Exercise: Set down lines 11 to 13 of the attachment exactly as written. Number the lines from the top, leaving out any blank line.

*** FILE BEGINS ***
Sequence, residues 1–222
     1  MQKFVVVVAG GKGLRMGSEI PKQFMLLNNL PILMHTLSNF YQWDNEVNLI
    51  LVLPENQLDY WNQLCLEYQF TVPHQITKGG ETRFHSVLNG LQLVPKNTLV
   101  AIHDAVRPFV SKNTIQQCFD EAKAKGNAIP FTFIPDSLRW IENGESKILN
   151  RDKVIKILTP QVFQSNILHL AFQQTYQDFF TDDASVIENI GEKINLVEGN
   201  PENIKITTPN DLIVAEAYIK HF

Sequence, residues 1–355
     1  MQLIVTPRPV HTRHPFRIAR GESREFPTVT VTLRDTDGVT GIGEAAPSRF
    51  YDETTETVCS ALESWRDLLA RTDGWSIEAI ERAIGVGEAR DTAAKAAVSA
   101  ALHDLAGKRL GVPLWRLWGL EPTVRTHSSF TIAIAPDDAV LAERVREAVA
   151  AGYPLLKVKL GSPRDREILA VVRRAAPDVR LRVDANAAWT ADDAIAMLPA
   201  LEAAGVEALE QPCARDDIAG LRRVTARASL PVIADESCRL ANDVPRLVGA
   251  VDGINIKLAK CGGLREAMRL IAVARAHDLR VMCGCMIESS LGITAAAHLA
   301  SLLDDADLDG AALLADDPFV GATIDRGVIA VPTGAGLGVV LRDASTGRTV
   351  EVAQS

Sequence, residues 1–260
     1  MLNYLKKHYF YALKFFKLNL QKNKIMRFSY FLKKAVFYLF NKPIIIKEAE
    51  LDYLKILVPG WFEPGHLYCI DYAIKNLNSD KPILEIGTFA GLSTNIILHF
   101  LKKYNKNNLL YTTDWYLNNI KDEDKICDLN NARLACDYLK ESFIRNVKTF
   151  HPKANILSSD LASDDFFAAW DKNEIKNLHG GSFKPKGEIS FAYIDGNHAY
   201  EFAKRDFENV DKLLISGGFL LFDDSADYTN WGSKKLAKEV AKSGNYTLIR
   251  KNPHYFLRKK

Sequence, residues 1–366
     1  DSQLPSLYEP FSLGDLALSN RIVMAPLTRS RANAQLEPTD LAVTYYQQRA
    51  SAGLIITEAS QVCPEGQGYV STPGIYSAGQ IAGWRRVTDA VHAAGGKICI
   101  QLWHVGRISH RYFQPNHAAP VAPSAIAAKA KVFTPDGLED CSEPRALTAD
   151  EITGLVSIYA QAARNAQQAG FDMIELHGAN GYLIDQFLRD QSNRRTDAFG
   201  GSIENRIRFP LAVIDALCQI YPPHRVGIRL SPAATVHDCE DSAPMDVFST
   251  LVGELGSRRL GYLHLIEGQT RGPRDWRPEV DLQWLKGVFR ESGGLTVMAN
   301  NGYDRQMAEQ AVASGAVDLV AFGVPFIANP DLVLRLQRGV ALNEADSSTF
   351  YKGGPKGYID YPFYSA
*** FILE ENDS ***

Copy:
   151  AGYPLLKVKL GSPRDREILA VVRRAAPDVR LRVDANAAWT ADDAIAMLPA
   201  LEAAGVEALE QPCARDDIAG LRRVTARASL PVIADESCRL ANDVPRLVGA
   251  VDGINIKLAK CGGLREAMRL IAVARAHDLR VMCGCMIESS LGITAAAHLA